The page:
Kids, as innocent as they may seem, can be some of the most ruthless bullies. In part, this stems from their inexperience. Their behaviour is not yet hindered by the social norms we learn later in life.
Bullying is often seen as simply a part of growing up. Most of us remember being bullied at some point during our childhood, while others remember instances when they were the bully.
But what exactly is bullying?
Most kids get teased by siblings and friends from time to time, and this behaviour is not harmful as long as it’s done in a friendly, playful way, and both kids find it funny. Bullying, on the other hand, crosses this line and becomes intentional torment. It can mean hitting, pushing, name-calling, making threats, teasing, spreading rumours and humiliating others.
It’s important to take it seriously and not write it off as something all kids go through because bullying is not a one-time event. It’s a pervasive pattern of aggression directed at a child with less power in the relationship and can have a profound impact on their self-esteem and sense of safety.
Understanding why some kids bully others requires going past some of our usual assumptions. For a long time, we thought there was only one kind of bully: an aggressive child with self-esteem issues caused by neglect or abuse at home. We now know that there is no single profile of a bully. They can come from different circumstances and have different reasons for their behaviour.
Bullying is essentially a form of aggression between groups or individuals with different levels of power. Kids who have a desire for power and want to control others will be more susceptible to bullying behaviours. They want to become leaders, and they try to achieve this by pushing other kids down the hierarchy. They only want to engage with their peers on their terms, and if their peers don’t comply, they will resort to bullying.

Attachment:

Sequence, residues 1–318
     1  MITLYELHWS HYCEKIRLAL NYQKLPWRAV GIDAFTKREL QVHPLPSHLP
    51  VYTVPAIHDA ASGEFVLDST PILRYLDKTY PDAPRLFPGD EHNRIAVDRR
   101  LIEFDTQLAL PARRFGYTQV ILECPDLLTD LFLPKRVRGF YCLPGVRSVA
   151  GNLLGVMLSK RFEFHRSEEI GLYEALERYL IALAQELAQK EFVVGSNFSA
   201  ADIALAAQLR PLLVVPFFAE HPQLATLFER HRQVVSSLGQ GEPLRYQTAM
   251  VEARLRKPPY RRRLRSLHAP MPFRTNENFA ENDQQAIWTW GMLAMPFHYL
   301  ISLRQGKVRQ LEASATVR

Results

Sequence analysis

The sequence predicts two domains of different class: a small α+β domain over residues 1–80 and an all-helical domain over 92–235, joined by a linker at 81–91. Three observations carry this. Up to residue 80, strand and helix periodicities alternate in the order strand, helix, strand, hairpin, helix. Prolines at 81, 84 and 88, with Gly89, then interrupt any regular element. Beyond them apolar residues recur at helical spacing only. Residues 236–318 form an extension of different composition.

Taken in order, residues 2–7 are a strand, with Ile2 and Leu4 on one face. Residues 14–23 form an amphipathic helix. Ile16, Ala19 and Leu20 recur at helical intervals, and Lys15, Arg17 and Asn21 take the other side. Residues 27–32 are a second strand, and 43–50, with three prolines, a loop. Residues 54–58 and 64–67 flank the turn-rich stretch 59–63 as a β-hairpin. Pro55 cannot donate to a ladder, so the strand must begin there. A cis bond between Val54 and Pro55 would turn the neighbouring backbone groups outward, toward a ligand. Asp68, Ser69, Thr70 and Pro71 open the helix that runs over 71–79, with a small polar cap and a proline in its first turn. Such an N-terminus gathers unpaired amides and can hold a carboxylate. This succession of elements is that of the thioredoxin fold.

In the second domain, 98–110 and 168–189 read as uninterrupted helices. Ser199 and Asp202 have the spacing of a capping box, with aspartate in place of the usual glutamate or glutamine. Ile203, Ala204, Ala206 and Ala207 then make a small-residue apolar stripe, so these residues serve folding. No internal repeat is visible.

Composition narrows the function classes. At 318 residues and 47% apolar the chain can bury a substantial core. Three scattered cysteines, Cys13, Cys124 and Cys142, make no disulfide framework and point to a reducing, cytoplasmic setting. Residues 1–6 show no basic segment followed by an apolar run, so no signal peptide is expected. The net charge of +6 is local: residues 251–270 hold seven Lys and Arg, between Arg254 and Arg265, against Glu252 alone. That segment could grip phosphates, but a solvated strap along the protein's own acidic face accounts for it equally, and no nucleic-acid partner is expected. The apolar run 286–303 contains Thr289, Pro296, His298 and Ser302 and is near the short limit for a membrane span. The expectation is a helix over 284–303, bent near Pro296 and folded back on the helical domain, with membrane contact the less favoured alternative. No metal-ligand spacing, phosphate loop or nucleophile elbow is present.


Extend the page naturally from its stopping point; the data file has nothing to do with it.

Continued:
Popularity and Social Status
As we mentioned in the introduction, more recent research has shown us a more nuanced image of the typical bully. Aside from the “oafish”, open aggressor, we have now come to recognize more subtle and Machiavellian forms of bullying such as spreading rumours, ostracizing and cyberbullying.
What is cyberbullying? Cyberbullying or online bullying is a form of bullying done through electronic means. It involves sending, sharing or posting false, negative or harmful content about someone else with the purpose of causing them embarrassment or humiliation.
Kids that use these kinds of tactics are usually more charismatic, have good social skills and can turn their “bully persona” on and off according to their needs and context. Their goal is to climb the social ladder at school, and they do this by diminishing the social status of some of their peers.
Lack of Empathy
Some of the kids that bully others don’t do because they want power or to climb the social ladder. They genuinely enjoy it and see it as a form of entertainment they can resort to whenever they are bored. They have not yet learned how their actions can affect others, so they don’t fully understand how hurtful their behaviours are. They see them as “funny”.
You may think that empathy and compassion are innate characteristics of human beings, but they are skills developed by interacting with the environment, and they can also be taught.
Published by Rohan Manda